Our Members Know a Lot About Heart Disease
When it comes to cardiovascular disease (CVD), members in MDVIP-affiliated practices know a lot. That was one positive takeaway from a national survey of consumers’ understanding of CVD recently conducted by MDVIP and Ipsos.
For example, most members knew that, in addition to cholesterol levels, inflammation was an important factor in heart disease. But the general public was less informed about a whole host of heart disease-related concerns.
In fact, only 35 percent of consumers knew that inflammation is the trigger for most heart attacks and strokes, and most in our survey reported that they had little knowledge about inflammation. This isn't a big surprise. Most physicians don't have time to go beyond the standard level of care or educate their patients about other factors that contribute to heart disease. As we've learned, that can be deadly: Half of all heart attacks occur in people with normal cholesterol levels.
The MDVIP/Ipsos poll was conducted Nov. 15-16, 2018. For the survey, a sample of 1,006 adults ages 18 and over was interviewed. An additional sample of 1,615 members was interviewed between Nov. 29-30. Can you do better? Take the member quiz and find out.
Even though members who were interviewed knew a lot about inflammation, they performed similarly to non-members when it came to many other CVD questions. For example, most members and non-members thought men had a lower chance of surviving their first heart attack compared to women; it’s actually women who have a lower survival rate, according to Harvard Health.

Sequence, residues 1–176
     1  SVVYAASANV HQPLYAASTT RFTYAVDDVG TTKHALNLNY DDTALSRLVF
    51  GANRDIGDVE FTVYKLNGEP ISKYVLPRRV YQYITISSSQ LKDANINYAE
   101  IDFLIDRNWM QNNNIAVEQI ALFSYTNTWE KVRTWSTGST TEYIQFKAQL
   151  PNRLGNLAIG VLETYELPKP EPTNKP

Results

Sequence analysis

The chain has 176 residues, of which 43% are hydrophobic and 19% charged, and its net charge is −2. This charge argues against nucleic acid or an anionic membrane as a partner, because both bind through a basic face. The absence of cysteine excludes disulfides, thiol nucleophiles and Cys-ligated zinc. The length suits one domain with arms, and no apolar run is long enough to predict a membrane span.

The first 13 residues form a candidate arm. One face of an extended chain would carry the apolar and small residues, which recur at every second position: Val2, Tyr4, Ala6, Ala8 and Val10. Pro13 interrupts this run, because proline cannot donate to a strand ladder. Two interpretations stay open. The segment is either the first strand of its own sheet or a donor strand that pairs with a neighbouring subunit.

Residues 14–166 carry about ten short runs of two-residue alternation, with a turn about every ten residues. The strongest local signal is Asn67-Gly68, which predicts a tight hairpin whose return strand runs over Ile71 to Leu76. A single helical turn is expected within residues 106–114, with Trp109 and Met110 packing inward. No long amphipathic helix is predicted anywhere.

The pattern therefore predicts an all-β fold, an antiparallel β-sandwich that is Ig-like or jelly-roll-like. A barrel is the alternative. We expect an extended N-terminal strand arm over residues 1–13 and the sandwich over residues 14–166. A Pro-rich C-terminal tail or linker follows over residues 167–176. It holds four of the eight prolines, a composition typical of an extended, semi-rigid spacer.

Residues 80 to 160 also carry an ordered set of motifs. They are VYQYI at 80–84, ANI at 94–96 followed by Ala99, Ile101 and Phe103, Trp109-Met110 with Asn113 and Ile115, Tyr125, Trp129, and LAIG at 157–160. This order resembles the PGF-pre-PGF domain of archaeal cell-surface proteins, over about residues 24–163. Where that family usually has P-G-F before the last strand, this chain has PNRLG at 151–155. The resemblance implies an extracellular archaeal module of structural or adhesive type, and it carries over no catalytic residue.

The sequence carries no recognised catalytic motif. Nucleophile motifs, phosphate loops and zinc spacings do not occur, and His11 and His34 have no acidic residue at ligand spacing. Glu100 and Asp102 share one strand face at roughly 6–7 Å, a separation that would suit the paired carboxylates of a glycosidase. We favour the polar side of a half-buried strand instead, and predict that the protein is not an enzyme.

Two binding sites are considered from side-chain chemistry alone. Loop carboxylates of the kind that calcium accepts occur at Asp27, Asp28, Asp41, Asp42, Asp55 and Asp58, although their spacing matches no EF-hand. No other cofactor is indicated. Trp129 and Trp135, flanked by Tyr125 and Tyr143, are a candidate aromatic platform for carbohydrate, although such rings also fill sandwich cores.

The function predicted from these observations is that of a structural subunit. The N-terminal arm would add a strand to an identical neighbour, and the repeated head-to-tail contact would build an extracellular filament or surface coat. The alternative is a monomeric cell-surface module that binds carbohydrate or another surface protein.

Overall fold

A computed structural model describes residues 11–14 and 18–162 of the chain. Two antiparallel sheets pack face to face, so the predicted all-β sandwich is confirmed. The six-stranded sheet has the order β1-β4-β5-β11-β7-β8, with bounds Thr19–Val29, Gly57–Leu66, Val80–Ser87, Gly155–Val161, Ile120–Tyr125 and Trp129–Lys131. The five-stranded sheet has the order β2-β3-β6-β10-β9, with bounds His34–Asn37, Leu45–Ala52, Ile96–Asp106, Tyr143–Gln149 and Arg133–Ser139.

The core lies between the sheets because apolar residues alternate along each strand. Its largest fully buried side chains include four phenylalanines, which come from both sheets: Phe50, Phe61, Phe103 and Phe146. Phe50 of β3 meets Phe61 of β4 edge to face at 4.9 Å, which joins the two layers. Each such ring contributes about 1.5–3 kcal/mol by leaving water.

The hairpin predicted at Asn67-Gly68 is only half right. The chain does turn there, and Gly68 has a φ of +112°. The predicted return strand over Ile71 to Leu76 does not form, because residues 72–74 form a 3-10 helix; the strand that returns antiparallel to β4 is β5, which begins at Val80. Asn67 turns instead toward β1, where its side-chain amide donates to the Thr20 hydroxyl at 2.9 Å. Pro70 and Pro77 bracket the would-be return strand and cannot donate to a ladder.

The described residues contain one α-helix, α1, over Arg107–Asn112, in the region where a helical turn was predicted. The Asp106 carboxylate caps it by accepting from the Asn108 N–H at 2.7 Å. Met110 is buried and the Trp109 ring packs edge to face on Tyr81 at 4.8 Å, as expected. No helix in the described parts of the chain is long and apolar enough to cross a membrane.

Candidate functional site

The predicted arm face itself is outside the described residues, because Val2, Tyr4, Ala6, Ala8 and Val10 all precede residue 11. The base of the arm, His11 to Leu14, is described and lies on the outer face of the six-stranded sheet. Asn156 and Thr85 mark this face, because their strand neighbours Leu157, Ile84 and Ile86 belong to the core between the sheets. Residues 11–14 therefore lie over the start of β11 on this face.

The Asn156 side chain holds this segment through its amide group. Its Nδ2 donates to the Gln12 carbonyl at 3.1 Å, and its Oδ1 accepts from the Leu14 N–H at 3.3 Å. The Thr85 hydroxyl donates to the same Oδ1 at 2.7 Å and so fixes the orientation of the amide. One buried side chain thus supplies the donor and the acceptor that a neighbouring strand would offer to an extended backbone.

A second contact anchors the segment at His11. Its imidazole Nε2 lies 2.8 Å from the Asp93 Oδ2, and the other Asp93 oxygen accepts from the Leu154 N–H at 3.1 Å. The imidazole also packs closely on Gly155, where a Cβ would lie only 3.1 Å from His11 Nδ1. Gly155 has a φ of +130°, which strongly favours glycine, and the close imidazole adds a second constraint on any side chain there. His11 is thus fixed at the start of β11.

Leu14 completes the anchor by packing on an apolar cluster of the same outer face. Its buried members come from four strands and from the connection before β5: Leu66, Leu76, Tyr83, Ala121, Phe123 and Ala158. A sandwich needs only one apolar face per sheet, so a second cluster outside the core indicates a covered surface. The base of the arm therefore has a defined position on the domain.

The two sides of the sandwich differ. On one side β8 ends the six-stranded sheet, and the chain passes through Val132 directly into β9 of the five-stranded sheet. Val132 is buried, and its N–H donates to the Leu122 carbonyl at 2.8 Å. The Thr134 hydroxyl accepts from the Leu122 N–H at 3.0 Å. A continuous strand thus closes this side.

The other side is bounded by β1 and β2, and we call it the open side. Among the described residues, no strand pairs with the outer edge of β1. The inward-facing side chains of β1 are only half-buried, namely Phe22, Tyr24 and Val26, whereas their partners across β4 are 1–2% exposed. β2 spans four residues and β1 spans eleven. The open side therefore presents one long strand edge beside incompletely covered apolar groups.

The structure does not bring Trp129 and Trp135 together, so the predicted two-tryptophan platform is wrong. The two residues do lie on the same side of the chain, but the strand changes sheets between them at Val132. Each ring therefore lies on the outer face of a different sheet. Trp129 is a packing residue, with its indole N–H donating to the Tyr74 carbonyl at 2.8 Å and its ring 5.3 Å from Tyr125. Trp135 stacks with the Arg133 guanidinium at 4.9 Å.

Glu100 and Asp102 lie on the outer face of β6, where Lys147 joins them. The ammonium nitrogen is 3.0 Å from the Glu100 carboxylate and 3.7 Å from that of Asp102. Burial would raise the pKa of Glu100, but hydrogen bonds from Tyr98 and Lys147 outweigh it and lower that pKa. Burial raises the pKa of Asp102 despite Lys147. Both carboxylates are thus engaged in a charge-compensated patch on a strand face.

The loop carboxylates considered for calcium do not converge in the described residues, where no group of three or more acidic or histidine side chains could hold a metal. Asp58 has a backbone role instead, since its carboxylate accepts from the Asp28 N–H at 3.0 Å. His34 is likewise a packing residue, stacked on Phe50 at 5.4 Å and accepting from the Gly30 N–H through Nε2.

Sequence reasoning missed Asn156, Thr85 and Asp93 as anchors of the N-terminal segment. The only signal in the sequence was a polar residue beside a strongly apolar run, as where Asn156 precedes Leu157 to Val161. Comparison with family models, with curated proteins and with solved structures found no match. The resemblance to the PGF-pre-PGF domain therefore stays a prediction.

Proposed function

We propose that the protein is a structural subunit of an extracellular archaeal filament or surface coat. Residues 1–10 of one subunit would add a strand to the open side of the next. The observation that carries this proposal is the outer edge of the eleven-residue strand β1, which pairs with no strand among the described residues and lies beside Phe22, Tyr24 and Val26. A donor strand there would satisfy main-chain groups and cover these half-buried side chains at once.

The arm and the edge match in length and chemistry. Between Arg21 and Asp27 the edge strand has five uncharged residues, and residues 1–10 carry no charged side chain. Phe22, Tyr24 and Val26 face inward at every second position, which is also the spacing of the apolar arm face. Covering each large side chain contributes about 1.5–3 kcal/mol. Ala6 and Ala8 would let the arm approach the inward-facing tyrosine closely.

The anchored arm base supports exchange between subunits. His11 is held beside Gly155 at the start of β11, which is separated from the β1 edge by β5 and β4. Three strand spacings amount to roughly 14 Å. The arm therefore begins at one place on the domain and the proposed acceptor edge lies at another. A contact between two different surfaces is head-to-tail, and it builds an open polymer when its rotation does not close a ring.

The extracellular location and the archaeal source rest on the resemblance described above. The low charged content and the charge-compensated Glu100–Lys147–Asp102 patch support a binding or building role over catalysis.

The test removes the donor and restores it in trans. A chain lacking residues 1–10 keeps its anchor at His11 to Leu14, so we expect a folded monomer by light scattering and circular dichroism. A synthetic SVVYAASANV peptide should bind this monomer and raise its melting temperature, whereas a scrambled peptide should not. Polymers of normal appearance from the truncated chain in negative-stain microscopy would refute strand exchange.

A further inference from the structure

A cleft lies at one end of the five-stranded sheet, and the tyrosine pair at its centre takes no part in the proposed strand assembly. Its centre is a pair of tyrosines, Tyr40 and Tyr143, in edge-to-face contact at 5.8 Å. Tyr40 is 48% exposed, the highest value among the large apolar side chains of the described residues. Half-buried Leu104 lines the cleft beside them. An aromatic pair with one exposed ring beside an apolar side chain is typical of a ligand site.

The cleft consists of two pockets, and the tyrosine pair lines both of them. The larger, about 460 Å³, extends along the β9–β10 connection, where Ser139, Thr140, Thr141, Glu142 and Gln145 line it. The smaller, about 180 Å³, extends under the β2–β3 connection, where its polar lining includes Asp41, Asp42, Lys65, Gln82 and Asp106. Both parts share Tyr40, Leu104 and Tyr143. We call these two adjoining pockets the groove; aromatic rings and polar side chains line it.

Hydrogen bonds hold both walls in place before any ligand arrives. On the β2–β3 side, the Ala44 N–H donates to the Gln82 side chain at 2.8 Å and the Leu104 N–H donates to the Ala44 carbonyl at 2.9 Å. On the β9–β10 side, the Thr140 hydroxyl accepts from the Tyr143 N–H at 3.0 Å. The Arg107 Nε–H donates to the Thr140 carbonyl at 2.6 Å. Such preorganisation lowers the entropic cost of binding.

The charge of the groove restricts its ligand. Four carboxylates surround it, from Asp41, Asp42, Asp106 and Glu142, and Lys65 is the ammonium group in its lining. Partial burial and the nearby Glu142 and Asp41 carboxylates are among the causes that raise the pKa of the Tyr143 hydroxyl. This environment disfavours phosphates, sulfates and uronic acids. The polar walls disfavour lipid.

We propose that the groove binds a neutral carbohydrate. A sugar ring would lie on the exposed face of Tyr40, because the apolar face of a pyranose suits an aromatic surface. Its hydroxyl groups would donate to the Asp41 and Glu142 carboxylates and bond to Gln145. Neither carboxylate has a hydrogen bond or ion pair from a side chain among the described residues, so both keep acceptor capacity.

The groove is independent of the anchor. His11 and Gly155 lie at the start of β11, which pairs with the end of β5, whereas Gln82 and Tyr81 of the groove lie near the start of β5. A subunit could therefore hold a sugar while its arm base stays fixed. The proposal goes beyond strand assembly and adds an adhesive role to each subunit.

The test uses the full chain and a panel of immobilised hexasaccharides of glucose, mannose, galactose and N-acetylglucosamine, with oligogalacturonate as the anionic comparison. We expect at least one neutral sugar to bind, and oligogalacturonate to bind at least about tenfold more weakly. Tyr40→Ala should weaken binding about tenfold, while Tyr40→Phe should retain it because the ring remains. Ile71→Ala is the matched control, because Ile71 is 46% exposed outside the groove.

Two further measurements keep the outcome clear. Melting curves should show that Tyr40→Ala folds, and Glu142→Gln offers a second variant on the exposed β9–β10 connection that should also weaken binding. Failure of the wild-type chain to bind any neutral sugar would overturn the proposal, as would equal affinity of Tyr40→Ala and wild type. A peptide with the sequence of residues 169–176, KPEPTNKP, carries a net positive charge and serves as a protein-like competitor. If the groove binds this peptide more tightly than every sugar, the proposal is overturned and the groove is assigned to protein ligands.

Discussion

Members and non-members also underestimated just how many people with diabetes suffer from heart attacks and strokes. The American Heart Association reports that 68 percent of people 65 or older with diabetes die from some form of heart disease and 16 percent die from stroke.
The importance of exercise was equally downplayed by members and non-members – but exercise is crucially important to heart health. A study published in JAMA Network Open found that having a low aerobic fitness level was just as much of a heart attack and stroke risk as having diabetes or smoking.
Still, members knew who to turn to for help with heart disease risk: The vast majority of members said a primary care doctor was the best doctor to help prevent heart disease, while less than half of non-members answered that question correctly. And 97 percent of members knew if you have a family history of heart disease, there’s still something you can do to lower your risk.
Have you taken our Heart Attack IQ quiz? Test your knowledge and download a heart disease discussion guide you can use with your MDVIP-affiliated physician.